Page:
An analysis of the pediatric vaccine supply shortage problem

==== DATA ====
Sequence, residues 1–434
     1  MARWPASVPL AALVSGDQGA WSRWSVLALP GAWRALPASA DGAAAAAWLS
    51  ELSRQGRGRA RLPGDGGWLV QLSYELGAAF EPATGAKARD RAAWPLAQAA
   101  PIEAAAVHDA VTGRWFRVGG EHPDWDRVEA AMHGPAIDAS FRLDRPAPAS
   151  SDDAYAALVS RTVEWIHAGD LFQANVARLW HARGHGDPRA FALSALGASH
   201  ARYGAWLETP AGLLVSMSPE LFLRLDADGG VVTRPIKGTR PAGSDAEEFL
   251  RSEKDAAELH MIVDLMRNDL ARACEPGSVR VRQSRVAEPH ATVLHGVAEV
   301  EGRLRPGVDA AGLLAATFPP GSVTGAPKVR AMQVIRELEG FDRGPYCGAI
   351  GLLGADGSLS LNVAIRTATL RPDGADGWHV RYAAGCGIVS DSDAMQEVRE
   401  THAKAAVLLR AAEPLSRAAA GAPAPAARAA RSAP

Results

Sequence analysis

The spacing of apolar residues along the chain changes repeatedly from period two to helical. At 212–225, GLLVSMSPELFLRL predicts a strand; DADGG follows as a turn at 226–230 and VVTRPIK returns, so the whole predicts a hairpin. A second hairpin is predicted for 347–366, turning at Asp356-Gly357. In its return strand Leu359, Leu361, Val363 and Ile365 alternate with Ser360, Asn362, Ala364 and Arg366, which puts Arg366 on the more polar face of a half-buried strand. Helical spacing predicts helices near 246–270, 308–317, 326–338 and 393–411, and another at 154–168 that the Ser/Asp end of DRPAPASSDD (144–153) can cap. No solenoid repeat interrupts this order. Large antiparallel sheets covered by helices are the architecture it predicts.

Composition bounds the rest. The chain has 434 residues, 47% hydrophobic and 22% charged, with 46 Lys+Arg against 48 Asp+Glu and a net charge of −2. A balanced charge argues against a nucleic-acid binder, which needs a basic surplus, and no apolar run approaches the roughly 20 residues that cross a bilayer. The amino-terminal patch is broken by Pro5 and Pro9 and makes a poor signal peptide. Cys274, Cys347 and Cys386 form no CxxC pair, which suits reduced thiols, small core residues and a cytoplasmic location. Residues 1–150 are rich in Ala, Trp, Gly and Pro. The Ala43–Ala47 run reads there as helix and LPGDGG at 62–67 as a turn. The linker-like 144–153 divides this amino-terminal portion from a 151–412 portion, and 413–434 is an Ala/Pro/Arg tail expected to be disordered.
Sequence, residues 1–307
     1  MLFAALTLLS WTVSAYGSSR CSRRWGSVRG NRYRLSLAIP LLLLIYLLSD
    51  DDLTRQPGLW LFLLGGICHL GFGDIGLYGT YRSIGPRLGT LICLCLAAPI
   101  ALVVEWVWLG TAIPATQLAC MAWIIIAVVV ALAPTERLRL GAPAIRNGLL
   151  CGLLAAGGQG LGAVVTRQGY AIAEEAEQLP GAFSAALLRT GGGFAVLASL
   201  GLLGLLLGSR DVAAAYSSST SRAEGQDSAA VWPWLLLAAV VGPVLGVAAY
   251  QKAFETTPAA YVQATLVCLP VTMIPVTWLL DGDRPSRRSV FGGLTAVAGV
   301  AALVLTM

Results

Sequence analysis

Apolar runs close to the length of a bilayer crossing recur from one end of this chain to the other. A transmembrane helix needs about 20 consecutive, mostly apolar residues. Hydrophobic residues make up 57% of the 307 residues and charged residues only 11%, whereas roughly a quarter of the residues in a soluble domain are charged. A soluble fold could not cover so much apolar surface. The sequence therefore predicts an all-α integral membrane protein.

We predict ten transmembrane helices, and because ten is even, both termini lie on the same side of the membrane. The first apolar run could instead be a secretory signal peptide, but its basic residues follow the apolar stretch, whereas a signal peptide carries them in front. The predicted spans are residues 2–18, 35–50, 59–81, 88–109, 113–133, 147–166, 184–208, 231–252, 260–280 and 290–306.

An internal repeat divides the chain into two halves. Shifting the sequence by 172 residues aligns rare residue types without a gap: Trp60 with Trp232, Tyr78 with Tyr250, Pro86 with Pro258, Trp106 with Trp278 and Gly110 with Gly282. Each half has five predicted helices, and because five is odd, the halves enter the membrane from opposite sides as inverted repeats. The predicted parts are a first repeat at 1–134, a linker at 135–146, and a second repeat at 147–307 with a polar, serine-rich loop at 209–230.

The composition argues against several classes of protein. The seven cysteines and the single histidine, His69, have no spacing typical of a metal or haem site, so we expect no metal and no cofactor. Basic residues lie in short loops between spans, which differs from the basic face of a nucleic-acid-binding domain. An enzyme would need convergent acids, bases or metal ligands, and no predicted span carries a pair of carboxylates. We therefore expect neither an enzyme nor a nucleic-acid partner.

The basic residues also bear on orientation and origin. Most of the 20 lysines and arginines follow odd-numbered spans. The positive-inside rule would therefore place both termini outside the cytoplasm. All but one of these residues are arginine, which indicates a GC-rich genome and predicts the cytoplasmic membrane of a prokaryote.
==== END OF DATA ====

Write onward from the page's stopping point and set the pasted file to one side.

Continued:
In 2002, several factors resulted in pediatric vaccine manufacturers not being able to produce a sufficient number of vaccines to vaccinate all the children in the United States according to the Recommended Childhood Immunization Schedule. The resulting vaccine supply shortage resulted in thousands of children not being fully immunized according to this schedule, and hence, created an unnecessary risk for epidemic outbreaks of several childhood diseases. The Centers for Disease Control and Prevention responded to this crisis by using pediatric vaccine stockpiles to mitigate the impact of future shortages. This paper presents a stochastic model that captures the vaccine supply during production interruptions. This model is used to assess the impact of pediatric vaccine stockpile levels on vaccination coverage rates, by considering the probability that all children can be immunized according to the Recommended Childhood Immunization Schedule over a given time period and the expected minimum vaccine supply. The model is also used to assess the proposed pediatric vaccine stockpile levels recommended by the United States Department of Health and Human Services. The results of this analysis suggest that the proposed vaccine stockpile levels are adequate to meet future vaccine production interruptions, provided that such production interruptions do not last more than six months (which is not surprising, given that is the time period for which they were designed). However, given that recent vaccine production interruptions have lasted (on average) for over one year, the proposed vaccine stockpile levels are insufficient to meet the nation’s pediatric immunization needs during such time periods, which in turn could lead to localized and/or widespread disease outbreaks. Moreover, a moderate investment in higher vaccine stockpile levels would lead to a significantly reduced risk of such events. Copyright Springer Science + Business Media, LLC 2006
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